Naval History, December 2012
Marine aviators’ commitment to deliver support to ground forces—a tactic once deemed too dangerous—grew into a hallowed hallmark of the Corps.
Modern Marine Corps aviation is a powerful combat arm, organized and equipped to perform its primary functions of assault support, antiaircraft warfare, offensive air support, electronic warfare, control of aircraft and missiles, and reconnaissance. 1 The integration of those roles enables the air-combat component to fully support the ground-combat campaign. Mastery of those functions also allows Marine aviation to achieve its most distinctive competence—the ability to deliver close air support (CAS) to Marines on the ground.
Close air support is defined as “air action by fixed- and rotary-wing aircraft against hostile targets that are in close proximity to friendly forces and require detailed integration of each air mission with the fire and movement of those forces.” 2 Inherently dangerous to airmen and infantry alike, this extreme form of fire support requires extraordinary coordination to deliver safely. Marine riflemen take a personal interest in the proximity of close air. “Close” to them means damned close, and they know it when they see it.
Despite billions of dollars being raised and spent during the 2012 election cycle, last Tuesday changed very little in terms of the balance of power. Control of the House, Senate and White House remains the same, though Democrats picked up a handful of seats in Congress and the names and faces on the four defense committees also will be reshuffled in the next session. Still, there is a long list of priorities to be taken care of before the new Congress is sworn in at the beginning of January. Here are some of the biggest items in the national security arena:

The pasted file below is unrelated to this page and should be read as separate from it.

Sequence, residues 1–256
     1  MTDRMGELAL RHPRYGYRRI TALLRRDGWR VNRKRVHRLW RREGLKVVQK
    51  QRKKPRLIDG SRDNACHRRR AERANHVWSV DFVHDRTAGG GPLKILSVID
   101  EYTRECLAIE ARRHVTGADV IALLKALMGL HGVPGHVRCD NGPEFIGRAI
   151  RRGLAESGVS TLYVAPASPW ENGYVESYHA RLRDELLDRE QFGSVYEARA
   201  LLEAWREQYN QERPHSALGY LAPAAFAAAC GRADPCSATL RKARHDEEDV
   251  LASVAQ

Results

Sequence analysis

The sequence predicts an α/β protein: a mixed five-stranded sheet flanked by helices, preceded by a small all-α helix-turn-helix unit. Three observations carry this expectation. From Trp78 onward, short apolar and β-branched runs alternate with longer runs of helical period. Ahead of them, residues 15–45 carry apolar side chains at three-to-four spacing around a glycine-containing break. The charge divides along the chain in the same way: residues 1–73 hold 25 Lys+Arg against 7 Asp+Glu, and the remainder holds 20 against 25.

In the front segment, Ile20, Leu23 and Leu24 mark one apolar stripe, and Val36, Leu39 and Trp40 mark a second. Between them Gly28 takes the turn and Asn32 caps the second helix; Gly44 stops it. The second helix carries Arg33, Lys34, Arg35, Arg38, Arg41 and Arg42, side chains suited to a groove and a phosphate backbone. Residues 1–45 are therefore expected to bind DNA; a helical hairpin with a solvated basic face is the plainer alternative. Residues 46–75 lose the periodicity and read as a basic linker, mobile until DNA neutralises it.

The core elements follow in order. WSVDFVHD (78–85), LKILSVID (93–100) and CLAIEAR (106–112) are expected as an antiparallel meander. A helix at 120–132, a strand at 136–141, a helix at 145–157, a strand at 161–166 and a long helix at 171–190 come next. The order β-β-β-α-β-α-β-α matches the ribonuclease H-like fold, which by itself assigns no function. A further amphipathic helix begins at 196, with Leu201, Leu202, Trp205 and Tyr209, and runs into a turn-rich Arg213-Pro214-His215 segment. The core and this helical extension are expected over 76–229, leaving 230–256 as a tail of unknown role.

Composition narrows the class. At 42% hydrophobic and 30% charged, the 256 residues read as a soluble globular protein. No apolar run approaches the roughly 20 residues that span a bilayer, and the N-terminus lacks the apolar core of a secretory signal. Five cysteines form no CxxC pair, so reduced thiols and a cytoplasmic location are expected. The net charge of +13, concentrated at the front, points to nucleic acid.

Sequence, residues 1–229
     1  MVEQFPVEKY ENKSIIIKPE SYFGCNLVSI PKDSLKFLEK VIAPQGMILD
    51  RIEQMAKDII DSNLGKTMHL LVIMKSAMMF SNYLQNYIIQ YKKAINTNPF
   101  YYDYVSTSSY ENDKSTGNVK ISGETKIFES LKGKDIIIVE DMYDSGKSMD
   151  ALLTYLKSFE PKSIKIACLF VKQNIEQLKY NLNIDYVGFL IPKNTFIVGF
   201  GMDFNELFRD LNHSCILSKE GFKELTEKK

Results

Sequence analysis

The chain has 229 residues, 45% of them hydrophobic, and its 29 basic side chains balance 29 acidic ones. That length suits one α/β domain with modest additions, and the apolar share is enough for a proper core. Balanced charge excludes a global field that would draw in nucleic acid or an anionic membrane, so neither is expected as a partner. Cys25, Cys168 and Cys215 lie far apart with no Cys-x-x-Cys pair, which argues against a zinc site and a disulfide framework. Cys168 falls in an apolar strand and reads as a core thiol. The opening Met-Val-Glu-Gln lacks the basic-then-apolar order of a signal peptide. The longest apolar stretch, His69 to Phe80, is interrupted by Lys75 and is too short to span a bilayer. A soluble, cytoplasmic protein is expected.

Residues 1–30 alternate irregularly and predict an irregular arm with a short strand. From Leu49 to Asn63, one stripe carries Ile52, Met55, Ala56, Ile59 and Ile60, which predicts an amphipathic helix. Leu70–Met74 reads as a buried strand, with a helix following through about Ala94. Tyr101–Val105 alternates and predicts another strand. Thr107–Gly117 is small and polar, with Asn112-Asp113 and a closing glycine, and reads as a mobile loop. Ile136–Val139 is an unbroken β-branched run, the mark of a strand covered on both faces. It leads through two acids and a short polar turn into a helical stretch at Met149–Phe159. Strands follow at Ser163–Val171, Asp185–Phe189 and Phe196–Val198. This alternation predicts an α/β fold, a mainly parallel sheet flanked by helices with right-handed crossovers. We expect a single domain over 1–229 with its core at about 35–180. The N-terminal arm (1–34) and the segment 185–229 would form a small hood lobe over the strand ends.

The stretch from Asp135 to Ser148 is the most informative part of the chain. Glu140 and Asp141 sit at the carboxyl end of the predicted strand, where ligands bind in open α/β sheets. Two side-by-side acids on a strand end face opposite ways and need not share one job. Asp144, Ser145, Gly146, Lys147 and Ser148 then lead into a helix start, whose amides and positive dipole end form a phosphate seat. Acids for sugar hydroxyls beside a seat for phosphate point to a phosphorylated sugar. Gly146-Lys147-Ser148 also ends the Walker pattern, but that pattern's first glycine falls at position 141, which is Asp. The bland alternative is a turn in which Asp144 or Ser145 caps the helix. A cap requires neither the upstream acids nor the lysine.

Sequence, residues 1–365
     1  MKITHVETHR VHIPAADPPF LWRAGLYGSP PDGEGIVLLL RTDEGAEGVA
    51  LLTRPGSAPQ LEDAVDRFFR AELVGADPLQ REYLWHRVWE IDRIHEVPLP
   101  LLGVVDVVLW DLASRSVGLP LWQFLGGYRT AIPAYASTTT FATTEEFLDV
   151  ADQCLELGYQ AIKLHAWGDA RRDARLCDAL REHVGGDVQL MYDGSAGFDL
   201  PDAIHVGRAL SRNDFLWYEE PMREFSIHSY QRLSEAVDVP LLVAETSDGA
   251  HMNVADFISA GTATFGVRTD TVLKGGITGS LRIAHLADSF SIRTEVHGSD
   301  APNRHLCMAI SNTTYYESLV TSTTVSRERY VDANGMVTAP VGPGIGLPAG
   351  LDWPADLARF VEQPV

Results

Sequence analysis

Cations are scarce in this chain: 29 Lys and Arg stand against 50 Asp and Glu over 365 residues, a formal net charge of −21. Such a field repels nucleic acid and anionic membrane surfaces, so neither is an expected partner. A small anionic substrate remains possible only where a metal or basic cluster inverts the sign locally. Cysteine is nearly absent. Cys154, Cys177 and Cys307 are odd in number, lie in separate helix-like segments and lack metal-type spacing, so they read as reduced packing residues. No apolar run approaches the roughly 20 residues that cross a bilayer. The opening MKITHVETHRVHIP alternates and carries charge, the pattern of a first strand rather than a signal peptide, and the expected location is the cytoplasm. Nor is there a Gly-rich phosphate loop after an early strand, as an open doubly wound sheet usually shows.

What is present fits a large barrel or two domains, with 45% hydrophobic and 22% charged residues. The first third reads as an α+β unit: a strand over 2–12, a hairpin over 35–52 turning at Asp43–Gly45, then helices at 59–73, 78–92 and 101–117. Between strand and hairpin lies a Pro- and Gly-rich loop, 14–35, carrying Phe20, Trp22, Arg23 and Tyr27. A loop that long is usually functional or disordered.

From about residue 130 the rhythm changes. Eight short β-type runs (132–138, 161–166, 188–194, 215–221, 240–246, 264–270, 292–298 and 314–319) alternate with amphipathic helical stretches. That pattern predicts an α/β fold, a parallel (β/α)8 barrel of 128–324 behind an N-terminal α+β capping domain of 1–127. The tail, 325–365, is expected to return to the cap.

What it is: In order to avert a crunch on U.S. borrowing last year, Congress and the President agreed to a deal that raised the debt ceiling but required the House and Senate to cut spending over the long term. The Budget Control Act required a bipartisan panel from the House and Senate to craft compromise legislation that would slash the debt by $1.5 trillion dollars. In the event a compromise could not be reached, an automatic trigger was put into place that would go into effect in January 2013. The trigger was designed to be a poison pill that compelled cooperation, but the deadline for compromise lapsed in November and started the clock ticking toward automatic across-the-board cuts totaling $500 billion each to defense and domestic discretionary spending over the next decade. In DOD, personnel accounts would be spared but shipbuilding plans, fighter programs, and ground vehicle modernization would all suffer equal cuts.
The so-called congressional super committee in 2011
Inside politics: Moderates in the House and Senate have backed a combination of spending cuts and revenue increases that include an end to the Bush-era tax cuts, reforms of the tax code and some changes to entitlement programs. Once, dubbed the “grand bargain,” widespread support has been fickle as each of the factions on the Hill and at the White House angled for better, more politically palatable deals. House Republicans as a bloc have steadfastly refused to back any bill that would increase taxes, but most agree that more revenues must be a part of any deal to cut long-term expenditures. Some Democrats have opposed any change to entitlements, though most members agree that the current system is not wholly sustainable.